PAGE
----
Must the Devil Have All the Good Tunes? (world premiere, LA Phil commission with generous support from the Lenore S. and Bernard A. Greenberg Fund)
Must the Devil Have All the Good Tunes? is John Adams’ third piano concerto, fol- lowing Century Rolls (1996) and Eros Piano (1989). He explains that the title “came from an article about Dorothy Day in a very old copy of The New Yorker. In the same way that I first encountered the name ‘Hallelujah Junction’ and knew that I had to write a piece with that title, when I saw the phrase ‘Must the Devil Have All the Good Tunes?’ I thought to myself, ‘that’s a good title just waiting for a piece.’ The phrase suggested a “Totentanz,” only not of the Lisztian manner, but more of a funk- invested American-style.” Adams points out that the origin of the phrase has been attributed to Martin Luther and various 18th- and 19th-century theologians.
While the concerto is in one continuous movement, its three seamlessly connected sections follow the traditional fast-slow- fast format, with the piano soloist active throughout. Piano and orchestra begin
in the bass register, with a gospel-like riff (marked “Gritty, Funky”). Even with a steady groove, the meter of 9/8 divides into an even 4/4 plus one extra 8th-note punctuation, providing an off-kilter lurch. The texture thickens and rises, and gath- ers momentum with a perpetual motion variation of the theme (marked “twitchy, bot-like,” with echoes of Mancini’s Peter Gunn), with the piano joined ominously by a detuned honky tonk piano. Diverging from its tonal center, the piano writing be- comes wilder and more chromatic, and is shadowed by the orchestra, with blurts of brass echoing sharp accented chords. The zigzagging chromatic lines recall another musical devil, Ligeti’s L’escalier du diable Etude, with its infinite ascendance à la M.C. Escher.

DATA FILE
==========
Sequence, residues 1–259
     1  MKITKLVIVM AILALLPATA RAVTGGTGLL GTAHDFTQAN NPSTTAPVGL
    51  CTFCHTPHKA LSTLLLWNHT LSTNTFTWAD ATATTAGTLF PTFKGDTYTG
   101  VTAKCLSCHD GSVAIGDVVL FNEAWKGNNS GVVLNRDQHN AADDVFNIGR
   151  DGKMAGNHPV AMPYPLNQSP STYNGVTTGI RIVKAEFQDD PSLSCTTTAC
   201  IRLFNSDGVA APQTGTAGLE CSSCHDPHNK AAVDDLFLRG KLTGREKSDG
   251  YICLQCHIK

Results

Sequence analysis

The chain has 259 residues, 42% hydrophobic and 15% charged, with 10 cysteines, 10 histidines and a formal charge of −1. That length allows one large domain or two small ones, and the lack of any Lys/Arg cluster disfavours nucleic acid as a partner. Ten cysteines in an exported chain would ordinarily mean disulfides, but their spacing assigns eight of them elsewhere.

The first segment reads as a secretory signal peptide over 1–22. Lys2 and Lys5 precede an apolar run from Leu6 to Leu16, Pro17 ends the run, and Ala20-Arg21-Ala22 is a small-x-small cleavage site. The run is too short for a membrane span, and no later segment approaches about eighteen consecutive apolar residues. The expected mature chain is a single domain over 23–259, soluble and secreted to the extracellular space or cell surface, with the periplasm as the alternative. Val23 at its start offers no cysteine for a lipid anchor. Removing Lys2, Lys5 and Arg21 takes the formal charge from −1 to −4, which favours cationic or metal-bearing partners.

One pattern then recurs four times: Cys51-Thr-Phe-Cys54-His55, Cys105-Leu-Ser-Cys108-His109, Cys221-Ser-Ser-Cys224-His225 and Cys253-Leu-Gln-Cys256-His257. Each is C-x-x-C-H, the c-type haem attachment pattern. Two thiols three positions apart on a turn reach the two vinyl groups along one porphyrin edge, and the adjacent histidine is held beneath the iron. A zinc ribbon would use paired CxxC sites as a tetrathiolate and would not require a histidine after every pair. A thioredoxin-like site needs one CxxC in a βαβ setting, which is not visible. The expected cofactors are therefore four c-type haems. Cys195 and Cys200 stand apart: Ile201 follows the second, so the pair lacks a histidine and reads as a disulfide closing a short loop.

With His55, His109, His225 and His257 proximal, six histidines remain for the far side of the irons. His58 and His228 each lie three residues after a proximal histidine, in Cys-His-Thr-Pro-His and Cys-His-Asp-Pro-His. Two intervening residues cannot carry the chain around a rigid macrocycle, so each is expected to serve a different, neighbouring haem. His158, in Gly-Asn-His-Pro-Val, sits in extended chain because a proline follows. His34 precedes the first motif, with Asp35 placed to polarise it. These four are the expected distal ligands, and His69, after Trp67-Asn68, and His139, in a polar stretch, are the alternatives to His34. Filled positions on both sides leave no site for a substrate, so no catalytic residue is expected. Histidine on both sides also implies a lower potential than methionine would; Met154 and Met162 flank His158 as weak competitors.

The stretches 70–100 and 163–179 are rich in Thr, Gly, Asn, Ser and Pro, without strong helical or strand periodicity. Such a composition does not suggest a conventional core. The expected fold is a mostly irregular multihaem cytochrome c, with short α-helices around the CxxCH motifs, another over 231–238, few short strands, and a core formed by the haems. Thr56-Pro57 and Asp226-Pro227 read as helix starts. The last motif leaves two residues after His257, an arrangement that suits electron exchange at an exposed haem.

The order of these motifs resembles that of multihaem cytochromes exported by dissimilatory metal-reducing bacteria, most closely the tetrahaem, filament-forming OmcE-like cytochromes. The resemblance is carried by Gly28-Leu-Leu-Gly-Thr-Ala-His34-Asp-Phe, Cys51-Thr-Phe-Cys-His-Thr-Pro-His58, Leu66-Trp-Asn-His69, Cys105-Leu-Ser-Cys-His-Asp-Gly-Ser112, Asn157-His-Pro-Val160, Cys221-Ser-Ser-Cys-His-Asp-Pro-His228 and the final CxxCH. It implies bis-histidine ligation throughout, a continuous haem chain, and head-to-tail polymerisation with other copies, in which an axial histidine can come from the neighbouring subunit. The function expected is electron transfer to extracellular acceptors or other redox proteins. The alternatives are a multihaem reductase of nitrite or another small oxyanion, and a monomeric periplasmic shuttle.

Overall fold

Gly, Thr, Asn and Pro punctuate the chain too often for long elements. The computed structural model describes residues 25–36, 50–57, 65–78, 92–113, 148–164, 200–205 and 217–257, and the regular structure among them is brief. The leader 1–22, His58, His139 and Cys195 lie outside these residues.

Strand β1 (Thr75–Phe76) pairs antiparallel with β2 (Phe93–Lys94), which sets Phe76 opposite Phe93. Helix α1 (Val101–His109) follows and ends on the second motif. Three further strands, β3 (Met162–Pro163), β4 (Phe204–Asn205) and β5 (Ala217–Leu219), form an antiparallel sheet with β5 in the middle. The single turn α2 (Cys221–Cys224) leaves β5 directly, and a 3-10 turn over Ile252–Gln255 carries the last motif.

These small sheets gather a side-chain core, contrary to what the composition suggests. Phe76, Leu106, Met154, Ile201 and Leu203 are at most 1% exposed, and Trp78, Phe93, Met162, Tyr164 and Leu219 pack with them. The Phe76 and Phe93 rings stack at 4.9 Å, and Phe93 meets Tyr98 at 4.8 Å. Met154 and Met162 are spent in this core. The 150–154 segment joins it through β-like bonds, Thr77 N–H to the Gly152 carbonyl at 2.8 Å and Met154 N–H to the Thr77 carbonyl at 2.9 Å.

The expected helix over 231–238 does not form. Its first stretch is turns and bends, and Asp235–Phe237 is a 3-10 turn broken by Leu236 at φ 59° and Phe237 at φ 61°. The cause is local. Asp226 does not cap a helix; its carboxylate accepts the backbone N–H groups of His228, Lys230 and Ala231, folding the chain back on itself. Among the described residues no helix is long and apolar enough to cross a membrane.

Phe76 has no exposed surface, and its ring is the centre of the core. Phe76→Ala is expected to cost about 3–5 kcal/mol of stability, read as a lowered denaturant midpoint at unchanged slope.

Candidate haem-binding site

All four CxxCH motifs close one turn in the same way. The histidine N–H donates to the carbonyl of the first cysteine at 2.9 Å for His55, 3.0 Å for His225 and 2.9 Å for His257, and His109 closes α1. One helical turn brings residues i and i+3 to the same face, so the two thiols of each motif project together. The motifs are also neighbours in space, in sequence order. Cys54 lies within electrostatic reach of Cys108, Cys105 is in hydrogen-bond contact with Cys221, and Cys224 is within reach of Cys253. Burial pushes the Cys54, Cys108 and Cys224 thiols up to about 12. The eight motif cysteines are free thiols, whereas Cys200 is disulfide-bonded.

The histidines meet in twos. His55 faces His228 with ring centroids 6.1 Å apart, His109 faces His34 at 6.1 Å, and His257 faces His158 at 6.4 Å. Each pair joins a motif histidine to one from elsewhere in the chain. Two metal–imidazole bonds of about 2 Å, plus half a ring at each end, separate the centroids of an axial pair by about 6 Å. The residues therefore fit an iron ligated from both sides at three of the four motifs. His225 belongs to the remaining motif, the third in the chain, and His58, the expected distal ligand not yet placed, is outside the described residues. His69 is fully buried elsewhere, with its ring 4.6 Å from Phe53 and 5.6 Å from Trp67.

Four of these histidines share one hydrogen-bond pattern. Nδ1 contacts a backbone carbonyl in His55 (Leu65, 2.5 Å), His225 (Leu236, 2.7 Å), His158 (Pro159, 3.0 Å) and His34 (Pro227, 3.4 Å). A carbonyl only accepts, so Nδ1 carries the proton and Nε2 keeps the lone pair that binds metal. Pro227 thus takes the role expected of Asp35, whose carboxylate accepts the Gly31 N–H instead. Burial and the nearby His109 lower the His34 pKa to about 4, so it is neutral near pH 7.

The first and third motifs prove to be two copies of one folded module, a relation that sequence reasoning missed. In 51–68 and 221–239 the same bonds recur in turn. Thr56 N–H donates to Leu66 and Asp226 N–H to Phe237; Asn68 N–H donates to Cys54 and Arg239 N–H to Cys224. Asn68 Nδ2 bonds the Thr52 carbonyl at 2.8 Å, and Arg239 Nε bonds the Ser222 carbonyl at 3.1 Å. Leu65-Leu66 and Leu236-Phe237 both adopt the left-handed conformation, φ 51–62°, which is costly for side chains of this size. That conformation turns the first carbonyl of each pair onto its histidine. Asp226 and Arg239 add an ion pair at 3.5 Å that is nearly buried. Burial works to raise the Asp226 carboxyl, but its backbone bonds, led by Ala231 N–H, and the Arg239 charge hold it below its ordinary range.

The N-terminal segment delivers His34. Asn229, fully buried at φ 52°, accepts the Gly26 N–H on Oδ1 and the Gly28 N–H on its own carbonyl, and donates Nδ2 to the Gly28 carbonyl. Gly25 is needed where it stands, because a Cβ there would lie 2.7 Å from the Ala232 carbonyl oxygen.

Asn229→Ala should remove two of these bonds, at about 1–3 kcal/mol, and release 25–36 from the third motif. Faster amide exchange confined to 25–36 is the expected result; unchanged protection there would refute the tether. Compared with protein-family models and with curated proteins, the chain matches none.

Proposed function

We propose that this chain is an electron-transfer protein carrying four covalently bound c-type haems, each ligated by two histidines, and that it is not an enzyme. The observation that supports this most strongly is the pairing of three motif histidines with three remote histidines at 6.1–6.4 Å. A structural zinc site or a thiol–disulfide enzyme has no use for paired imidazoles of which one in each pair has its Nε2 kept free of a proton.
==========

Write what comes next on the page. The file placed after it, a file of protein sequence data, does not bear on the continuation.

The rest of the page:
After a series of questioning chords in dialog between piano and orchestra, the second section emerges with suspended strings over the delicately ornamented piano solo. Its serenity is deep but fleeting, with the restless piano part exploring a leaping melody. (Adams says that in this section he was inspired especially by Yuja Wang’s lyrical playing.)
The transition to the third section is barely noticeable, as gentle pulsing gives way to a rocking 12/8 rhythm, marked “Obsession/Swing.” The virtuosity and playfulness here are familiar from other Adams finales, with the interplay between rollicking syncopation, chirping wood- winds, off-beat accents of brass, loping stride bass, a battery of percussion, and a brilliantly energetic piano part ranging across the entire keyboard which, after three mysterious, brief interruptions of a held octave D in the orchestra, propels the concerto to a boisterous close.
– Sarah Cahill